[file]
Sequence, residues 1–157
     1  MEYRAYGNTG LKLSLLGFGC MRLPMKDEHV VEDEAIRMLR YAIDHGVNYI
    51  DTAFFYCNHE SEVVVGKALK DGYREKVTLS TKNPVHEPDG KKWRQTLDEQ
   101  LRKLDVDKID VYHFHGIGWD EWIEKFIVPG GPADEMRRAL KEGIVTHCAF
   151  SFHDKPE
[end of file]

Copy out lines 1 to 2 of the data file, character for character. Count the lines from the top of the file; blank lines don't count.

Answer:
Sequence, residues 1–157
     1  MEYRAYGNTG LKLSLLGFGC MRLPMKDEHV VEDEAIRMLR YAIDHGVNYI